By George “The Engineer” Epstein
Poker professionals (pros), amateurs and recreational players – These terms are often bandied about in the poker world. Personally, I am a recreational player, but I do not regard myself as an amateur. I think most poker players are in the recreational category. Nor do I consider myself to be a pro. What’s the difference?
So I did some research to better understand these terms, and how they apply to our game of poker.
What is a professional?
According to the popular website, Professions Australia
, “a profession is a disciplined group of individuals who adhere to ethical standards.” Each member of this group has extensive knowledge and skills in a particular field or body of learning acquired from research, education and training at a high level, and is thus recognized by the public.” Furthermore, each “applies this knowledge and these skills in serving others.”
Professionals are members of such a profession – like medical doctors. They adhere to codes of ethics, and are committed to competence, integrity and morality, altruism, and the promotion of the public good within their field of proficiency. Professionals are accountable to those served and to society. (Ref: Sylvia R. Cruess, Sharon Johnston, and Richard L. Cruess; "Profession: A Working Definition for Medical Educators." Teaching and learning in Medicine; 16.1 )
This description hardly applies to anyone who calls himself a “poker pro” – players who depend on poker for a living and to support their families. Nor does the poker pro apply his skills for the benefit of others – as does a doctor. Indeed, our poker world has accepted a much limited definition for a poker pro – whether or not you agree. So let’s live with it.
According to Michael Wiesenberg’s, The Official Dictionary of Poker, a poker pro is a player who relies on poker as his main source of income. For his sake, a poker pro better be well skilled – or else.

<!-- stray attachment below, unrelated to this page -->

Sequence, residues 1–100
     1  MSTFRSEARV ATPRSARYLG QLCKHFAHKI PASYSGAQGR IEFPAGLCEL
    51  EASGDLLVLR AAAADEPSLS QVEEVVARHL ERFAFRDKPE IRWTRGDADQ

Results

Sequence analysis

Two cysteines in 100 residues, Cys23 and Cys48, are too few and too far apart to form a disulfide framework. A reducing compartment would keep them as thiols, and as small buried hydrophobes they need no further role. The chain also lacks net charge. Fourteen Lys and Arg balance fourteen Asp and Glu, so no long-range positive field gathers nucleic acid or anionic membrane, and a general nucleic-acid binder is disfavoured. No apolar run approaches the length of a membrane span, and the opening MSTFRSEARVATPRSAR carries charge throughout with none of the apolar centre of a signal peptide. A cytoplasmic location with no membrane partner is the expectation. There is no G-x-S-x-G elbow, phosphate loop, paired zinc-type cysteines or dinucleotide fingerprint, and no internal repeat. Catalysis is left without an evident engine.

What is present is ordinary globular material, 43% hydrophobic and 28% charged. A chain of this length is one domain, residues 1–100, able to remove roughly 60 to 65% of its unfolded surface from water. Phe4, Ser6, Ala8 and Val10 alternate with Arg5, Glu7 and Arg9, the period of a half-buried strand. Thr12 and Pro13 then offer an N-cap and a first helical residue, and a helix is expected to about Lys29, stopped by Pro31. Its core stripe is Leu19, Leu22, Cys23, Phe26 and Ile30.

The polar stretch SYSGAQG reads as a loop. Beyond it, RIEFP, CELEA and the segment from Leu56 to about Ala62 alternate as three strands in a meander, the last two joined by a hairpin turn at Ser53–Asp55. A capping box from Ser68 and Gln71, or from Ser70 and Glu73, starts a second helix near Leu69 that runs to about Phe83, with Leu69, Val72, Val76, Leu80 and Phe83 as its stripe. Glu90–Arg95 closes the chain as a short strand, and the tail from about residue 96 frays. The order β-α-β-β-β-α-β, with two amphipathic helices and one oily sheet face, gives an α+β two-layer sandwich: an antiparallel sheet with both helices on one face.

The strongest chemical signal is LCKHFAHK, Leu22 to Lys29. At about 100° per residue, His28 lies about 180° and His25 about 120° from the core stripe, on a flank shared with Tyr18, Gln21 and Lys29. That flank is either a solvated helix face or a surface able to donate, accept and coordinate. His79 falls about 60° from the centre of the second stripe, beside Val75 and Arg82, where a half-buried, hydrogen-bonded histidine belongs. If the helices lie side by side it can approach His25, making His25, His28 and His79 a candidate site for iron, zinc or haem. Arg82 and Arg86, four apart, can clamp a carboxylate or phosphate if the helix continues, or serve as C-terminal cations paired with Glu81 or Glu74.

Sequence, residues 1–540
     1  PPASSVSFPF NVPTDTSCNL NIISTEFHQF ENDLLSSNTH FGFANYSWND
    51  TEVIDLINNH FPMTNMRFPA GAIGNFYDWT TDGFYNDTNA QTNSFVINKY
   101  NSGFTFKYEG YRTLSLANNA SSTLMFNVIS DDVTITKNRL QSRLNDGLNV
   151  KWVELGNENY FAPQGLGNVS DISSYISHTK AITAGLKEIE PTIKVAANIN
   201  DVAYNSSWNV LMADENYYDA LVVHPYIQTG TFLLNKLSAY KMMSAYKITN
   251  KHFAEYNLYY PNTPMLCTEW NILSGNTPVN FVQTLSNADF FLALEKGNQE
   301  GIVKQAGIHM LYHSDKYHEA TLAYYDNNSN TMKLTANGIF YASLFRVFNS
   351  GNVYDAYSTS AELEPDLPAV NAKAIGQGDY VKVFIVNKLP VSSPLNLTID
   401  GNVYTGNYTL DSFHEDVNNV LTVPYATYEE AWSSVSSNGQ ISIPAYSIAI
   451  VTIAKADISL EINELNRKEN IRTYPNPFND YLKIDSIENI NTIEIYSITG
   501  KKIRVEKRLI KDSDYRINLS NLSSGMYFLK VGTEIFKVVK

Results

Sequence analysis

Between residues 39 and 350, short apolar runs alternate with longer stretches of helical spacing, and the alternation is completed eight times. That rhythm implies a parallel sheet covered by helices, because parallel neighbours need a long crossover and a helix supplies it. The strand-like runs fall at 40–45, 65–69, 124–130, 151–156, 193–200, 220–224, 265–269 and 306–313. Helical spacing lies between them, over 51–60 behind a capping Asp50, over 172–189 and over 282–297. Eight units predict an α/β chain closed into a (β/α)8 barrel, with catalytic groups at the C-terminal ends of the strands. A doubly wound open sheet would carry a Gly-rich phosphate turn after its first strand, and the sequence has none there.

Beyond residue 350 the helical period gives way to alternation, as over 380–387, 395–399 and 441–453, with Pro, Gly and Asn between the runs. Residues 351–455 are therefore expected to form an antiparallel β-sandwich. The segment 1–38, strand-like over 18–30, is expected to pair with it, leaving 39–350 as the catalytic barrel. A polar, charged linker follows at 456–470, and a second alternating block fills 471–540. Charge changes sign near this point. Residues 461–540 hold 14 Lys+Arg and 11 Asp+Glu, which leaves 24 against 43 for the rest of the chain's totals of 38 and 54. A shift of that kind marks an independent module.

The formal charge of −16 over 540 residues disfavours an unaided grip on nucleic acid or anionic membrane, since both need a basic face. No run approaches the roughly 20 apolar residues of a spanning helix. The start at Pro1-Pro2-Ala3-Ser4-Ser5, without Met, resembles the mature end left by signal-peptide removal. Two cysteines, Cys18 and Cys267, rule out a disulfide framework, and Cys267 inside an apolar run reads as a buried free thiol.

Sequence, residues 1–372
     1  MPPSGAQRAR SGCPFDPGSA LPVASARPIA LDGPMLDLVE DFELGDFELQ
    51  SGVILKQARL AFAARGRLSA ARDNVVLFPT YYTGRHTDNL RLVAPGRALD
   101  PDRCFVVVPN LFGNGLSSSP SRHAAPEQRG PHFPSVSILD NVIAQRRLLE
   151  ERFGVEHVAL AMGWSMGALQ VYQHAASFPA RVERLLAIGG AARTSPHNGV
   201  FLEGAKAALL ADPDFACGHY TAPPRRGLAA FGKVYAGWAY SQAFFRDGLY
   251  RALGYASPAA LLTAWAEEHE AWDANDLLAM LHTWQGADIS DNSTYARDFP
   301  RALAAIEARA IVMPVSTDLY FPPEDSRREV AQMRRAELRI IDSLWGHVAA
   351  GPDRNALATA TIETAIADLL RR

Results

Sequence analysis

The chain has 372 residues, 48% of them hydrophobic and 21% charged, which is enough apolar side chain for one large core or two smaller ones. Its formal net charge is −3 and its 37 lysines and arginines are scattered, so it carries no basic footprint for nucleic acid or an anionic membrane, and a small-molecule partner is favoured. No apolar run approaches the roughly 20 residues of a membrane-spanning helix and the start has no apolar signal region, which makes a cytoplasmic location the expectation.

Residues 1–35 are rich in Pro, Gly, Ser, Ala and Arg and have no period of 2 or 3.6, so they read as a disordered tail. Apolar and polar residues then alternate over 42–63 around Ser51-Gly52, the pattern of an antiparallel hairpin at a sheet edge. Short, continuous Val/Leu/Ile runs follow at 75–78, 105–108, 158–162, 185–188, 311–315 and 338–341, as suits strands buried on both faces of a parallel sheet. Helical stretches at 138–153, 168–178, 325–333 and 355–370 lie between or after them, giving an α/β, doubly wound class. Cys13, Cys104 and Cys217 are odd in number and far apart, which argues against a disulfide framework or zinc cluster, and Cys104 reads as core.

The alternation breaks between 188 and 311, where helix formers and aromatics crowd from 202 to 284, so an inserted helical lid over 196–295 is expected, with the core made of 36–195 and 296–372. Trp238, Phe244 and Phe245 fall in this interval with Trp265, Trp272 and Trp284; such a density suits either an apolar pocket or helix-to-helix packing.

What is an amateur?
According to the Merriam-Webster dictionary, an amateur is a person who does something – such as participate in a sport or hobby (like playing poker) – for pleasure and not as a job. Rarely does the poker amateur put in the time and effort to substantially grow his skills.
Like the pro, he too seeks to be a winner, but is less likely to succeed. Hopefully, he is financially secure and adept at money management, and does not dip into the funds he needs to support himself and his family, and for emergencies.
And, what is a recreational player?
According to Wikipedia, the free encyclopedia, recreation “is an activity of leisure
, leisure being discretionary time.” Recreation is an essential element of human biology and psychology. Recreational activities are often done for enjoyment
, or pleasure
– for "fun
." So, a recreational poker player is using his (her) leisure time to enjoy the game of poker. Some do strive to improve their skills.
But, does he really enjoy it if he is losing? Like the amateurs, recreational poker players are losers when you consider the cost-to-play (rake, Jackpot drop, tips, and other expenses). Why does he keep coming back for more? So, there must be more to it...
Thinking about it, there is the social interaction – whether you play in a casino or a home game with friends and family. For many of us, there is also the mental challenge – especially if you have learned the key poker skills such as selecting starting hands; reading opponents; estimating the card odds versus the pot odds when holding a drawing hand; knowing when/how to raise, slow-playing and check-raising to build the pot, avoiding chasing and going on tilt, and bluffing – especially semi-bluffing...
In this regard, I would remind you that, according to renowned poker psychologist, Dr. Alan N. Schoonmaker, playing poker can keep us young and healthy. (Ref: Stay Young Play Poker; Kindle edition; $2.99)
Undoubtedly, because they have so much at stake, most pros work to develop their poker skills. Amateurs and recreational players are much less prone to do so; but, if they are smart, they too will seek to enhance their skills at the table...
George “The Engineer” Epstein is the author of The Greatest Book of Poker for Winners!; Hold’em or Fold’em? – An Algorithm for Making the Key Decision; and The Art of Bluffing. He has taught poker at the Claude Pepper Senior Center, at West L.A. College, and to elderly war veterans at the CalVet facility in the VA/West L.A. George created and organized the Claude Pepper Seniors Poker Group. He was awarded the Senior Citizen Volunteer-of-the-Year Award, in large part for his activities on behalf of senior citizens, and has been elected to the Seniors’ Poker Hall of Fame.